Syndiakonia, shared ministry, is what makes the Church Holy, Catholic and Apostolic. Lossky says that since the Church is catholic in all her parts, each one of her members, clergy, laity, hierarchy, is called to confess and defend the truth (Lossky 16). The religious vitality of Orthodoxy rests on an intensive spiritual life which permeates the whole mass of believers, united in the awareness that they form a single body with the hierarchy and clergy of the Church (Lossky 17). Religious vitality got lost in the Greek Orthodox Church in North and South America when barriers were placed between the clergy and the laity that would not let them share the ministry of Christ.

Florovsky states emphatically that in the tradition of the Church, authority in the Church is a shared authority — the sharing and working together of clergy, laity and hierarchy because the Holy Spirit moves through all of us. “The whole body of the Church has the right . . . of verifying, or to be more exact, . . . the duty of certifying the truth” (Florovsky 1:53).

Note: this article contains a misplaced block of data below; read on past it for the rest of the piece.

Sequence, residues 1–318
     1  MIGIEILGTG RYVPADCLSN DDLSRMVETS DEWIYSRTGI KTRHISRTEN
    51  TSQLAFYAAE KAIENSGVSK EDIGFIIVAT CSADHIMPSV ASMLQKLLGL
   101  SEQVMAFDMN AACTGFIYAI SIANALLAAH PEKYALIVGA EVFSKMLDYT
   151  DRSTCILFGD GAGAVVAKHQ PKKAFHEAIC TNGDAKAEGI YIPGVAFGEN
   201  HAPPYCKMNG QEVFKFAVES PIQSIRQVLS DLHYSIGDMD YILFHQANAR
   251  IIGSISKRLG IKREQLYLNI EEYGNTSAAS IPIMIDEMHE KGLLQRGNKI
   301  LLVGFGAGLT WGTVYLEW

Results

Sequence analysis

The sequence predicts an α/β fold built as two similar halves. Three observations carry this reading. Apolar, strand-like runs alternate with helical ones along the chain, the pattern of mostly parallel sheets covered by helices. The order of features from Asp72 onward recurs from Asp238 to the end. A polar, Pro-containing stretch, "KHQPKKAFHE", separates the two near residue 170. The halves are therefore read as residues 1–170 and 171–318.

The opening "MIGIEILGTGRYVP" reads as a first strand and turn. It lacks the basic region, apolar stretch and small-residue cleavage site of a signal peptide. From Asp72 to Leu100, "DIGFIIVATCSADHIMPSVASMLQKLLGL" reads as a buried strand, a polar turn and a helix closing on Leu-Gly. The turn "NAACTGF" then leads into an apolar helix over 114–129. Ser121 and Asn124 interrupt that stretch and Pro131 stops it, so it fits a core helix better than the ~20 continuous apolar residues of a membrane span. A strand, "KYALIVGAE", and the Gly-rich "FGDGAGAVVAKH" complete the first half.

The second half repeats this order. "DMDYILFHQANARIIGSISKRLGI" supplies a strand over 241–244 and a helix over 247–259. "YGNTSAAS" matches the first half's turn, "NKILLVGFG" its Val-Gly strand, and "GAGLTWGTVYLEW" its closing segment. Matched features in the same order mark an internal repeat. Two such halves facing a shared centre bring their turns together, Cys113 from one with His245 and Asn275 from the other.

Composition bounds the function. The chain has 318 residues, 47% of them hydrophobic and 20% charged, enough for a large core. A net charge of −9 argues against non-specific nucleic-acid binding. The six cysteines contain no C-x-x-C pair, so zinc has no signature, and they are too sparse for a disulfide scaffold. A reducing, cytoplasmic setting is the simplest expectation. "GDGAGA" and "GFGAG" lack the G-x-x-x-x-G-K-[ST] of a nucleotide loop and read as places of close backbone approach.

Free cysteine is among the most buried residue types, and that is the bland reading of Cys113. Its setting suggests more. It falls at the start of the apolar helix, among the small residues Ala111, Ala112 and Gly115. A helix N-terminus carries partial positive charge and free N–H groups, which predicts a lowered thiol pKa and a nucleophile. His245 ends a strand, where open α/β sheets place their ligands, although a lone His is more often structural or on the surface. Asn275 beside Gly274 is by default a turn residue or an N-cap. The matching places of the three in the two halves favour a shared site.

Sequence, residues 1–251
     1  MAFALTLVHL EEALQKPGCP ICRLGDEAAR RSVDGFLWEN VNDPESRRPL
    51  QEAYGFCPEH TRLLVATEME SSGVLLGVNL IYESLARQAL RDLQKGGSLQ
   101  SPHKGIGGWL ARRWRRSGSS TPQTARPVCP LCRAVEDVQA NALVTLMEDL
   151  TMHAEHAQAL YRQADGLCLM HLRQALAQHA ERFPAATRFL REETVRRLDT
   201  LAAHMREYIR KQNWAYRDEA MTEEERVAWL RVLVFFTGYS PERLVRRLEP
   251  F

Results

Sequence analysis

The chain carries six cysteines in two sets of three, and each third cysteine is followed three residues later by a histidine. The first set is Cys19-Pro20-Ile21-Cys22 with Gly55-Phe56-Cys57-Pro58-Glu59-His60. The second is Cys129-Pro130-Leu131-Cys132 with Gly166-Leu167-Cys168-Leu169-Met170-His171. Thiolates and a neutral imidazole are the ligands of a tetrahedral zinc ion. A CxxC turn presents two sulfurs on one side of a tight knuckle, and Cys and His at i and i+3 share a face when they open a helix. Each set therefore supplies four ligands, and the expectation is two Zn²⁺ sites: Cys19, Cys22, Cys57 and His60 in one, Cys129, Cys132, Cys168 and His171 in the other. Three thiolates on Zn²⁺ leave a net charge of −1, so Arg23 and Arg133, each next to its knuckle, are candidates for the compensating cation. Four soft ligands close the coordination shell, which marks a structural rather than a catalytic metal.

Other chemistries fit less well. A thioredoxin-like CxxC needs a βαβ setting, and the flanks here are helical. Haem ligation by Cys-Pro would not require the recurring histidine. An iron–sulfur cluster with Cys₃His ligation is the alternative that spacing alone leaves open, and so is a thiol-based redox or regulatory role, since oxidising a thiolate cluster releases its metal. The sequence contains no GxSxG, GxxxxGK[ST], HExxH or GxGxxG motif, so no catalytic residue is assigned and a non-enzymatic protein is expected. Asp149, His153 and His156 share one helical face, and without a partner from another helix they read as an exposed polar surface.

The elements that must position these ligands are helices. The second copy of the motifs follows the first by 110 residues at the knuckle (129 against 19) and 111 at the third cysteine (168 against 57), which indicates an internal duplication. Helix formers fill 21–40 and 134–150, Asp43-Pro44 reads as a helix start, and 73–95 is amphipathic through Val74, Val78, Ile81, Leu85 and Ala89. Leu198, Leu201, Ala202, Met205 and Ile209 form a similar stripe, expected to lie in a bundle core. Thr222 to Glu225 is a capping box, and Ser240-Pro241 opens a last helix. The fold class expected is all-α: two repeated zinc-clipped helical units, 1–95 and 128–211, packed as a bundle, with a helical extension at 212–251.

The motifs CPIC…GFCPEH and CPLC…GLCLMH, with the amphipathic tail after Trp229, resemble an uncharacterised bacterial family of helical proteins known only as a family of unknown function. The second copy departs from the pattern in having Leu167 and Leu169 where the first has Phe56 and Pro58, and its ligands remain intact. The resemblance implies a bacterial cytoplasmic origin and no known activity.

Spiritual Renewal will become a more vital part of our Church and be seen as a priority when laypersons once again realize their place in the Church. It is their duty to become aware of the traditions of the faith and then to actively assume their roles as guardians and participants in the faith. Clergy have a responsibility to help the laity discover their own unique duty within the Church. The truth of the matter is that laypersons do not know their duties and obligations. They have not been educated nor encouraged to understand the spiritual life of Orthodoxy, which includes active participation in the ministry of the Church, and they remain in a state of spiritual adolescence. The Christian education program of our Church is inadequate. The laity already discern this, as the survey included in this study indicates. We will mature in the faith when we assume our proper roles as individuals and members of the Body and allow Syndiakonia to become a reality in the Church.